I spent a significant amount of time in Western Europe in the 1980s dealing with the Euromissiles crisis, where there was clearly no consensus among the allies on such weapons and indeed there was concern on the U.S. side that even if there was a mobilization towards activating the tactical nuclear force, some allies would forcibly stop us.
I have spent a great deal of time in Europe since that time, and there clearly is no consensus on how to attack Russia if Russia were to invade NATO Europe. I know that President Trump raised the Article V issue, and in my view, it’s better for a President not to raise that question publicly.
But alliances are alliances. If you look at Europe today, there are some states very serious about defense, and more who are not. So no matter what one claims, the question of who would fight, how they would fight, and actually what the U.S capabilities and approach are is a key question.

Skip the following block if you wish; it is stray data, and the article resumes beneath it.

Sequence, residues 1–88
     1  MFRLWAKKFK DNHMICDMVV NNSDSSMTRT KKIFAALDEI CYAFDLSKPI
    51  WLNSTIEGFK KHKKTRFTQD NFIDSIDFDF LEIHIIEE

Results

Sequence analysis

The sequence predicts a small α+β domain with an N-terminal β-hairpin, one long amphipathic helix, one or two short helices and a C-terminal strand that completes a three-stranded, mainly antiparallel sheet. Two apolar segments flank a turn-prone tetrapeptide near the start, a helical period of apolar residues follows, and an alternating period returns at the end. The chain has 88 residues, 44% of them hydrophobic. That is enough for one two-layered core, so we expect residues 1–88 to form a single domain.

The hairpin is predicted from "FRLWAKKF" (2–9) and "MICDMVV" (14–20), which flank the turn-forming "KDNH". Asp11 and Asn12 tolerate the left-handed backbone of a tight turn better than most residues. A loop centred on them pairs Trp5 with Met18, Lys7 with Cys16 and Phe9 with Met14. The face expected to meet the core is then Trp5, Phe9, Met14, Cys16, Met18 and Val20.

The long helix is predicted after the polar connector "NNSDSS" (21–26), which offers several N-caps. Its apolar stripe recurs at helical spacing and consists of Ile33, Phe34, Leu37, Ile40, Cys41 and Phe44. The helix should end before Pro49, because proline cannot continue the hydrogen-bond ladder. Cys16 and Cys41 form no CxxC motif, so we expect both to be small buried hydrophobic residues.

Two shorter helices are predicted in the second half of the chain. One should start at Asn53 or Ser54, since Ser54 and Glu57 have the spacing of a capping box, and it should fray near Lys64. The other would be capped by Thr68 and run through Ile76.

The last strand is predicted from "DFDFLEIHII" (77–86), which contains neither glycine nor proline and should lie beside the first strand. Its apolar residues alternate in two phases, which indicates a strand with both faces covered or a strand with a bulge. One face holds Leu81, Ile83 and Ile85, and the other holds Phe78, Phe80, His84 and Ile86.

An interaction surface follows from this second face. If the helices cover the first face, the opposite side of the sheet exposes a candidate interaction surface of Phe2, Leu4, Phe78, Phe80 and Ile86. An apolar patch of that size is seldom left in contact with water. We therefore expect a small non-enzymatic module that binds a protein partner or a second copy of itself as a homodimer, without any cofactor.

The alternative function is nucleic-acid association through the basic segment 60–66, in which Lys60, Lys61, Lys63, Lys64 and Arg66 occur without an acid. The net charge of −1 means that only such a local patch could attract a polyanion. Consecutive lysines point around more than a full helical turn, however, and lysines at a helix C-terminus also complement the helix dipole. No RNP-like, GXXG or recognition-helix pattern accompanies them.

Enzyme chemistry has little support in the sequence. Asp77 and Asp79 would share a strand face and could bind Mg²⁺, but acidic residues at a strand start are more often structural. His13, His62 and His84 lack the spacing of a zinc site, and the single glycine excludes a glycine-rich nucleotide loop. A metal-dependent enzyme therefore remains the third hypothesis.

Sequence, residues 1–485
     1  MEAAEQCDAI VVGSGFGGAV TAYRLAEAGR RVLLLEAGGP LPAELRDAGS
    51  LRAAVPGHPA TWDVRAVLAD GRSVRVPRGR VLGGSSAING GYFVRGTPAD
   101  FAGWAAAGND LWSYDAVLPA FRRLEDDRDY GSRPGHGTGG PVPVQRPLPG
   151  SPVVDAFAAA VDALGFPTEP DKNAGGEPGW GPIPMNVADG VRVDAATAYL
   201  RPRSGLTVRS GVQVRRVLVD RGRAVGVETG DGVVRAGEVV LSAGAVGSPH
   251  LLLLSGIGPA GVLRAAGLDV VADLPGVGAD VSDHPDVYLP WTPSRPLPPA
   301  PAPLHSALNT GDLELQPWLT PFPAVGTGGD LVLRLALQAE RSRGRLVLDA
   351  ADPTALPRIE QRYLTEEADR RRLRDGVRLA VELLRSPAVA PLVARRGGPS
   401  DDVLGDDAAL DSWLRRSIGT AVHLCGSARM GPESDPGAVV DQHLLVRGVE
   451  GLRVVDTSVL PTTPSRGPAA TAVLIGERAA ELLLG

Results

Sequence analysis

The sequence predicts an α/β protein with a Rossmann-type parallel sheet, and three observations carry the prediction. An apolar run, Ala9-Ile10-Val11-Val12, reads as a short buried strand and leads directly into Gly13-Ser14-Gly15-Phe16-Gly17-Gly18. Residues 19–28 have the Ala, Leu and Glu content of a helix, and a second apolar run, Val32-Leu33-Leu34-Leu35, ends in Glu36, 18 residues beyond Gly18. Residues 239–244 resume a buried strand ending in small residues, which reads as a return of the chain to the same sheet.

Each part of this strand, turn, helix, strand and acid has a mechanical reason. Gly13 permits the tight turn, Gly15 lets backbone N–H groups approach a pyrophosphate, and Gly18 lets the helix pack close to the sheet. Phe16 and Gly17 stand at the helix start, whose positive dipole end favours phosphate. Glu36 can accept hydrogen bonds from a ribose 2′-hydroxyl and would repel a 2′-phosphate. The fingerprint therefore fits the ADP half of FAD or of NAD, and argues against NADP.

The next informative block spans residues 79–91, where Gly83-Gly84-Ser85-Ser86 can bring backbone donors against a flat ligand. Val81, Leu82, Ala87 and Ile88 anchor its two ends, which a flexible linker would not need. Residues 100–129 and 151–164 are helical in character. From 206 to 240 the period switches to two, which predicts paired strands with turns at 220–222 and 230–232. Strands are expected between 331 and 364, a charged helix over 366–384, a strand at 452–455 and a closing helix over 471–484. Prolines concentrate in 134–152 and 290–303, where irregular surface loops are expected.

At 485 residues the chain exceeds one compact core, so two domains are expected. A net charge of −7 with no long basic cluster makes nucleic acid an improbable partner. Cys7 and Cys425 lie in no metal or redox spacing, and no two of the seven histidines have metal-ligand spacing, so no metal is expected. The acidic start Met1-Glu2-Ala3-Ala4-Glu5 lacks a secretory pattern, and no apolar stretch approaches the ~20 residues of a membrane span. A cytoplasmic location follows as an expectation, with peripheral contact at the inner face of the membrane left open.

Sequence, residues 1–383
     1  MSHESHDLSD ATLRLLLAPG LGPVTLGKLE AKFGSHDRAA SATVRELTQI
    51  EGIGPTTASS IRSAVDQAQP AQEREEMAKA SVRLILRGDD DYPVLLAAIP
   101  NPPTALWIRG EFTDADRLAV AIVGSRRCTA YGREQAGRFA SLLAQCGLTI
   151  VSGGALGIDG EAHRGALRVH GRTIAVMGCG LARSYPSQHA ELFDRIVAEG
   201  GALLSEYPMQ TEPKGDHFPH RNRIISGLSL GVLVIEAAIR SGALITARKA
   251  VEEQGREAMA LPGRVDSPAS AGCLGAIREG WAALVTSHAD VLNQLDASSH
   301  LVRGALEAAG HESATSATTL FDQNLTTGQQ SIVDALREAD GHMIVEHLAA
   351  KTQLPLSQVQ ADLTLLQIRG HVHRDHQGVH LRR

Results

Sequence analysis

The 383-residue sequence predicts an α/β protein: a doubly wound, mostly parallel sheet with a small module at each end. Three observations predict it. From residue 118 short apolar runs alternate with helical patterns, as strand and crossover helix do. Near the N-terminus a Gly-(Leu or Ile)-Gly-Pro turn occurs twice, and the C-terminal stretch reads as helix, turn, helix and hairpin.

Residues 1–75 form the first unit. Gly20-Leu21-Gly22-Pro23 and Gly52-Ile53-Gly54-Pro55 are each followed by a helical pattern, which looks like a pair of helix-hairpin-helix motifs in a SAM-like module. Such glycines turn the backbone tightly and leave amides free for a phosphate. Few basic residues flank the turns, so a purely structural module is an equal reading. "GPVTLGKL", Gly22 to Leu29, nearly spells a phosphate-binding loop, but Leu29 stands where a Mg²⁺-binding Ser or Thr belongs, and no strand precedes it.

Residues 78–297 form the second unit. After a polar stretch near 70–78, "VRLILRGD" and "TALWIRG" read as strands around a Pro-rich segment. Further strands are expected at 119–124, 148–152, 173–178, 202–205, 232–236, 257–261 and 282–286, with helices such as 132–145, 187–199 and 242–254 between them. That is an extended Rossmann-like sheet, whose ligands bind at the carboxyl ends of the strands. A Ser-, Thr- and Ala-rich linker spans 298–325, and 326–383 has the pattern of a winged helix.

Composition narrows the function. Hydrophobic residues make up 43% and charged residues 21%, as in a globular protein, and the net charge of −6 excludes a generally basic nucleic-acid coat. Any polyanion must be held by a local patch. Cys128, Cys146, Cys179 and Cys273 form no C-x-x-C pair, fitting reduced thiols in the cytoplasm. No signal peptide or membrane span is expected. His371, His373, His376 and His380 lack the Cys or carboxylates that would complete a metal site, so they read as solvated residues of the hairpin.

That counter terrorism and counter insurgency have dominated operations for the past twenty years has allowed the U.S. defense establishment to not think about this question.
Bracken underscored how he sees this challenge. “I know that people say that it’s the threat of World War III that stops the Russians. But it’s like Stalin used to say, the NATO treaty is a piece of paper. It does not require that the U.S. go to war to defend Montenegro or France or Britain.
“It only says that an attack on one is an attack on all. I really wonder if the NATO alliance would hold together if the threat of going nuclear was imminent. Raymond Aron used to come to Hudson meetings and say ‘there are no true alliances in the nuclear age.’ ”
The crisis management elements of this loom especially large.
How do you negotiate an end to hostilities?